Cat body language: What is your cat saying?

by | Cat Care |

Knowing how to understand your cat’s body language is valuable. This information can help you understand what the cat is communicating, and then how you can respond, with enrichment, socialization, or behaviour modification. In this blog we’re going to break down some important body language signs for you! 

What can we learn from a cat’s body language? 

Understanding what your cat is communicating through their body language can help you more accurately “read” their emotions and motivations for their actions. This can help pet parents to respond more accurately to behaviour issues. 

Body language is made up of a cat’s body postures, and the position and carriage of certain body parts, like ears, tail and even whiskers. Cats communicate largely through vocalizations and their body language.  

Knowing the basics of your cat’s body language can help cat caregivers deal with problems more effectively and enjoy their cat’s company more fully because they can understand feline communication. 

It’s important to remember that cats are considered both a predator and prey species so their body language may look quite different because they have a well-developed sense of self preservation. They typically startle easily, are less likely to be comfortable around strangers and may have a difficult time adjusting to changes in their environment.

Body parts and what they may mean 

Ears: When a cat’s ears are forward, this is generally a good sign. Typically, it means they are alert or comfortable. If ears are pressed flat to their head, this is a clear sign that they are very afraid. Ears “airplaned”(parallel to the ground) and off to the side is usually a sign they are annoyed. When ears are off to the side or moving around, this may mean they are irritated. It’s important to take context and other body language into account to decide how to proceed with your cat. 

Tail: A cat whose tail is up in the air is friendly, but if their tail is tight to their body or down may mean they are unsure or scared. Cats often move their tails a lot and this can indicate different things as well. Thrashing or very quick movements side to side is a sign of frustration, a quivering tail usually means they’re excited and a “tip tap” or twitching tip of the tail means they may be interested in what’s going on!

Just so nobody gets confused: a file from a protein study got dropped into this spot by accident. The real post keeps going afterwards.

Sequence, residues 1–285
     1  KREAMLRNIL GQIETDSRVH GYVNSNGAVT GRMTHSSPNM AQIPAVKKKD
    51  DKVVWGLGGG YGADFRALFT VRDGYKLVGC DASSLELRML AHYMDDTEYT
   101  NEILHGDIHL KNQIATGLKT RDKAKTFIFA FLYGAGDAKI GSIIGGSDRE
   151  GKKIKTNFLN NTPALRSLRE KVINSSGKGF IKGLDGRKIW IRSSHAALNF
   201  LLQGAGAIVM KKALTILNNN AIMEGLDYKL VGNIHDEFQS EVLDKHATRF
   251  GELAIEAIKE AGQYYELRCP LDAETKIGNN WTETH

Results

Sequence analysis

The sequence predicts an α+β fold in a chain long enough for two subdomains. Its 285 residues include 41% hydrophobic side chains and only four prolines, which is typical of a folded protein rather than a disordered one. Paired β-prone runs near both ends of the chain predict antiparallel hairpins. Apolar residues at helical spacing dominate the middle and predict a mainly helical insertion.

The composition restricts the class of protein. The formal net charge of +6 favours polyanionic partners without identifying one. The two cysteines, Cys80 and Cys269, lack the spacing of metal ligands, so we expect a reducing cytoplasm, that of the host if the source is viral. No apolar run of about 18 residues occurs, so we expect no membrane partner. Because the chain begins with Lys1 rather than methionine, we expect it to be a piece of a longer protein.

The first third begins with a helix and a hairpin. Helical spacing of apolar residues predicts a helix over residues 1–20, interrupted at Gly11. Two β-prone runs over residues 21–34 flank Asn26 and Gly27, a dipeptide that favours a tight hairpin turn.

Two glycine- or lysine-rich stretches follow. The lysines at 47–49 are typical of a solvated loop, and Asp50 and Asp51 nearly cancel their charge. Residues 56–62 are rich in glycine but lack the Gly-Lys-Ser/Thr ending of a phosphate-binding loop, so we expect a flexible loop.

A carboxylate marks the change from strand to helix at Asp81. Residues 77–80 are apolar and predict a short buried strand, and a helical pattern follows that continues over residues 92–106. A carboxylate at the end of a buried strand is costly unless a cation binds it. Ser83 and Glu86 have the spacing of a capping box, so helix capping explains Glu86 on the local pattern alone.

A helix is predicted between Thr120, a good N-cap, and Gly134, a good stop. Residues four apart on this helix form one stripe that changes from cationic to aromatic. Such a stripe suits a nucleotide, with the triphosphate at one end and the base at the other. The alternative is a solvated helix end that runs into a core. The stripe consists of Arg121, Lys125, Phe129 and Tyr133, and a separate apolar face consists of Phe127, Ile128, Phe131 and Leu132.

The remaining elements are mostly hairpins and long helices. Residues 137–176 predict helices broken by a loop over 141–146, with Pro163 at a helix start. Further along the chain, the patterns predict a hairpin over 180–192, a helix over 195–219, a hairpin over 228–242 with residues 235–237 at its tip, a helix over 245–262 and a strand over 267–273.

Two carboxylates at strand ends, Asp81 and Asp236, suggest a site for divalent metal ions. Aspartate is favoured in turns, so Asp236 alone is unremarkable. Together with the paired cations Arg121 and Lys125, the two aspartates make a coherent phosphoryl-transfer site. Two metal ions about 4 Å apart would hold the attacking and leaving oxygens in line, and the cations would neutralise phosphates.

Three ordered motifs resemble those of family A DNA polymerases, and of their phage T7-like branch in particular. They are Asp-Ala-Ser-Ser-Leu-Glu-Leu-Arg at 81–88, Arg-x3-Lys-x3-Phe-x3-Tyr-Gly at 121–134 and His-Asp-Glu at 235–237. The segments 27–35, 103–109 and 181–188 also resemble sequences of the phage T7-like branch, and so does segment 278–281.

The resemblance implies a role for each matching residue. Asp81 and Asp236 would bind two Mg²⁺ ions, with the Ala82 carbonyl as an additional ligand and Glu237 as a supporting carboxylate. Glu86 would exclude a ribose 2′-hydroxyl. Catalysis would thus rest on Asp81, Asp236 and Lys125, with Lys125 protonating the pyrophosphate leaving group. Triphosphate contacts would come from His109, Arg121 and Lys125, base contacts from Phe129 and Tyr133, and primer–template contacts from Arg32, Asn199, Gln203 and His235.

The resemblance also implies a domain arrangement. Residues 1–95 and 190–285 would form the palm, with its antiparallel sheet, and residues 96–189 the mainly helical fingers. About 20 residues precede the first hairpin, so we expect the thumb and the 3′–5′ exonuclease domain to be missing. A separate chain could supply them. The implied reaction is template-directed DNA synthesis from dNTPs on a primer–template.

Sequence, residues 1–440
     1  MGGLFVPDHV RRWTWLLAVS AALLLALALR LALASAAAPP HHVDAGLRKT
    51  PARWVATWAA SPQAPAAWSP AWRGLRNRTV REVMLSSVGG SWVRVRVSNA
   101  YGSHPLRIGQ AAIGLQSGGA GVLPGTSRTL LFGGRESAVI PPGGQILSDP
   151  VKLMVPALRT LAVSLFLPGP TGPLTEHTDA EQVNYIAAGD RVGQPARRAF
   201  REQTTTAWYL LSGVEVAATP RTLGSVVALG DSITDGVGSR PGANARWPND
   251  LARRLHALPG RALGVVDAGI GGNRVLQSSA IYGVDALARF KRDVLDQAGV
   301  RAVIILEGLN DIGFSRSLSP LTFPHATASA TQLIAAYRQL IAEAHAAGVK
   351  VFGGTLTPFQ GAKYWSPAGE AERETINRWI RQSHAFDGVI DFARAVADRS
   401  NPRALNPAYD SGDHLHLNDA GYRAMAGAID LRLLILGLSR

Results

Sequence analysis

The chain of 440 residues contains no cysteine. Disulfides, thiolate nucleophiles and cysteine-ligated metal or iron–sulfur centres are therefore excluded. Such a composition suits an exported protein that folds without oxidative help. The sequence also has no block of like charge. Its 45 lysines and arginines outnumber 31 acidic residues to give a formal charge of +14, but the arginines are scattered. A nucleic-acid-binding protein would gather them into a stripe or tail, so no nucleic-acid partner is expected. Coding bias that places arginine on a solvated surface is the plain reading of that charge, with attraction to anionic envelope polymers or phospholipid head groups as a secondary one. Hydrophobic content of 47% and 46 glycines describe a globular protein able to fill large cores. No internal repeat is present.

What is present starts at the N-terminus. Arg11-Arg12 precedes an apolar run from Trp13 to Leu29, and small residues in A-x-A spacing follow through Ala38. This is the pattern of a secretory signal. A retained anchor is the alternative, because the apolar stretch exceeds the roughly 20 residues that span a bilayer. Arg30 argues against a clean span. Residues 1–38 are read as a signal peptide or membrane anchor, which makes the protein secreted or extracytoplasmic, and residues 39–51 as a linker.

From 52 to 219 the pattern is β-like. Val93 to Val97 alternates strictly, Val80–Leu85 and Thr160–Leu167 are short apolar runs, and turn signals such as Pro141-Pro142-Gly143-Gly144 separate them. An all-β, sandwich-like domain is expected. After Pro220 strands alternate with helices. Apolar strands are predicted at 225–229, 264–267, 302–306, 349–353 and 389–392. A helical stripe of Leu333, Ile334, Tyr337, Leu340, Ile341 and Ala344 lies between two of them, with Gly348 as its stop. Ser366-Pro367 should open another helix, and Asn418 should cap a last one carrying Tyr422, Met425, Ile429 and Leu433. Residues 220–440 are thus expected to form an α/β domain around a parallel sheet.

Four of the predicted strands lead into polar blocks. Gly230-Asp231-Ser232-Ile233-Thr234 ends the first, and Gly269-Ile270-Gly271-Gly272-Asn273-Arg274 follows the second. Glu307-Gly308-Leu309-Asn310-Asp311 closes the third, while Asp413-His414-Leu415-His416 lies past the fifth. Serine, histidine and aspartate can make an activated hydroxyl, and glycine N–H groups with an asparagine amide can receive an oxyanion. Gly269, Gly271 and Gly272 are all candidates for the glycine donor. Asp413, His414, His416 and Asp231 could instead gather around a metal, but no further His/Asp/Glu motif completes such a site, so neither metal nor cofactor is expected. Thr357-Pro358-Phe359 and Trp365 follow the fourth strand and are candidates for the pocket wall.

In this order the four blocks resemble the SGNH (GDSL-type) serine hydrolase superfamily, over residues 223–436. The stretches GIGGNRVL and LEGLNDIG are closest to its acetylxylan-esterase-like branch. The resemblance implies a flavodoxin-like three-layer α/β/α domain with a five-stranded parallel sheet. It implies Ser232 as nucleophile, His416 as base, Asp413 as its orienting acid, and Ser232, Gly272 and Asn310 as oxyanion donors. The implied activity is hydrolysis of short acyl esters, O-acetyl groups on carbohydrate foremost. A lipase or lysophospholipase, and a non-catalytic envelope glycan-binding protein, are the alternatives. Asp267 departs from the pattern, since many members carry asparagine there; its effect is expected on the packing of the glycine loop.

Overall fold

Eyes: A cat’s pupils tell us a lot about how they’re feeling. Cats will narrow their pupils when feeling aggressive and typically and will expand their pupils when feeling excited or fearful. When feeling uncomfortable, unsure, or afraid, cats may avoid watching or directly stare at you. A slow blink and looking away slowly shows your cat is comfortable.

Feet: Cats tend to protect their feet. If they are fearful or uncomfortable, they will often tuck their feet up under them. If they are unsure or poising to intimidate, they’ll position themselves with feet flat on the ground or the surface they’re on, to be able to easily run. If they are ever showing the undersides of the feet while lying down or on their sides, this typically means they are comfortable or feeling playful. 

Body postures: When a cat is uncomfortable, they typically become quite tense and stiff. They will try to make themselves look bigger to attempt to intimidate, or smaller to avoid intimidating. An arched back means a cat is feeling very stressed. If they are ever in a U shape or stretched out, it typically means they’re comfortable or playful, or ready to pounce!

Vocalizations: Cats can be very vocal creatures. When excited, they chatter and chirp. When excited or over-aroused, cats will howl, yowl or growl. Cats who are annoyed or frightened will hiss. They will purr when they are happy and content. However, they may also purr when hurt or uncomfortable. Meowing is typically used to communicate with people. Science is consistently finding new and different ways cats vocalize, so it’s always important to look at the big picture when thinking about vocalizations and what a cat may be feeling.  

Feline Body Language Chart 

We hope this article helped you understand your cat a little better! For more cat care tips, check out the rest of our blog.